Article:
At the grocery store, you would notice the coffee packages vary into many types and these make you confused about what to choose. Some coffee types appear in light colors while some look darker. The differences here do not imply the brands and countries that produced but I refer to roast levels. Likewise, we coffee drinkers also tend to know those coffee roast terms through names instead of looking at colors. By contrast, some of us might describe them in roast levels.
Having a coffee drink in the morning is what you cannot skip doing. If now you are running out of coffee stock and want to try a new type, or you want to know the absolute description of each roast, I will guide you explicitly with all pieces of information that were collected.
1. Why roast coffee?
We all know what roast is because we do this to meat, vegetables, etc. So do the coffee beans, right? But why do we need to do so? Well, you might be curious how the beans originally look like. I mean the raw and natural, or commonly you have heard of those as unroasted coffee beans. According to the National Coffee Association of USA, beans are stored green with the purpose of maintaining fresh quality or taste. By this, people call them green coffee beans. Other things you also don’t know are the texture and odor that are completely different from the roasting. A raw bean is actually mushy, a bit moist, and has a grass-like smell. It does not taste like coffee at all or has no flavor.
Let’s not beat around the bush since we discussed what roasting is and the reason to do it. So coffee roasting is the process of heating green beans and transforming their characteristics from raw to brown color, from grassy to coffee smell that we all used to see and know. Those raw, green beans are like magic, we said they are flavorless, don’t we? When the beans heat at a high temperature, they become lighter and drier than the unroasted types because the moisture is extracted.
Roasting really brings out the caffeinated aroma and chemical changes of the beans. The texture is crunchy; you know the almond characteristic, it’s like that nut. However, the fresh flavor of coffee can lose immediately once it is roasted as the beans are not allowed to be exposed to air and light for a long period of time. You might also be interested in “The Ways To Store Roasted Coffee Bean” for more understanding on how to store coffee properly.
2. How are coffee beans roasted?
To get high-quality ground coffee for you to drink, the beans that have been roasted require meticulous work from the experts in roasting. They trained for years to gain the ability to study thoroughly about the beans and to decide quickly on when to stop the roasting process. Just a few seconds of timing is able to perfect or ruin a batch of roasted coffee.
As of now, you’ve read about the right timing of roasting (yes, that’s not exact yet. You will see in minutes). In fact, roasted beans are divided into four categories even though these have very little industry standardization, as proven by the National Coffee Association of USA. You will see the classification listed below and all of them are various from each other but also have tiny resemblance.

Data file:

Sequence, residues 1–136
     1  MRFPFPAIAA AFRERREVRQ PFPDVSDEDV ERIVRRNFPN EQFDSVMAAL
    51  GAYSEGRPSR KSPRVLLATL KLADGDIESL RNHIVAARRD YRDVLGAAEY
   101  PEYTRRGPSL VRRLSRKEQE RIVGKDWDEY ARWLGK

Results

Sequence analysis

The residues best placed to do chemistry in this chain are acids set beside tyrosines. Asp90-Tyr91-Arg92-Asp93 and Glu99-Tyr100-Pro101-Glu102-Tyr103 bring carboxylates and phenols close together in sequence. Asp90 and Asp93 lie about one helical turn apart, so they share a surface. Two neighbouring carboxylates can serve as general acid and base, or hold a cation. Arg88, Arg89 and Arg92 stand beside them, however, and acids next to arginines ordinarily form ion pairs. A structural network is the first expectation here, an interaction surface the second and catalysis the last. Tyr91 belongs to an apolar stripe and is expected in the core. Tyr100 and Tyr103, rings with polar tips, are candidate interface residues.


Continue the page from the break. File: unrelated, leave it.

In the following sections, you will be able to understand clearly the elements indicating a specific bean type of roast, namely roasting time and temperature, sub-category, characteristics, and taste.
3. Four Coffee Roast Types
The name is given like this due to the roasting process taking around eight minutes. The beans contain the smallest influence from this first process, which means some original characteristics of the green coffee still remain.
Besides timing, the beans must reach an internal temperature of 180°C and 205°C (356°F and 401°F) in order to get light brown color. Many people, especially coffee lovers know it by its appearance while it got a nickname which is called within the coffee industry. Since the beans heat at the initial stage and are taken out shortly from the machine, light roasts are known as the first crack. But why crack? Let me tell you that there is a popping sound at around 205°C (or 401°F) temperature.
Scientifically, the sound is made when the heat increases and the coffee beans expand. At such a high temperature, it causes the beans to crack which are generated from the moisture evaporating into steam. So when an increase in pressure is built, it forces the beans to crack open. Its crack is unheard but if you want to, just imagine the popcorn that has a similar sound.
The roasts of light color beans have other profiles including light city, half city, and Cinnamon. But the temperature of Cinnamon should be reached at 196°C (385°F).
The first crack’s color does change from green to pale brown if you take a glance at the photo. Lightly roasted coffee has an oily-free surface because it is warmed quickly for the oils to be released from the beans. If they are roasted accurately, the result is light-body and high-acidity which offer a fresh quality. But if the work is not done properly, the flavor will be pretty nutty and savory.
Mostly, the first crack is perfect for making a drink with pour over coffee maker as the fruity aroma will be sent out from your cup to your nose.
The beans roasted at a medium level should be stopped through the first crack or shortly after that. In other words, it takes nine to eleven minutes to finish. Medium roast coffee beans have reached the internal temperature of between 210°C and 224°C (410°F and 435°F), yet shrunk by 13 percent since the moisture evaporates.
Some people know the common names of this coffee rather than medium roasts. Frequently, it is referred to as American, City, and City+ with the internal temperatures of those beans reaching up to 210°C (410°F), 219°C (426°F), 224°C (435°F) respectively. In the United States, people generally have their preference for American roast. Another example of medium roast is Breakfast.
Compared with a light roast, the color of a medium roast is slightly darker and it is not caused by the heat. But the natural sugar inside the bean starts to caramelize which can change the color and create a deeper aroma like nut and chocolate. Moreover, this roasted bean is dry as its surface does not cover oil. With extra roasting time, it creates a perfect balance of acidity and sweetness, forming a fuller body of the coffee, explained by Casey Lalonde, Head of Coffee and Co-Founder of Girls Who Grind Coffee in the UK.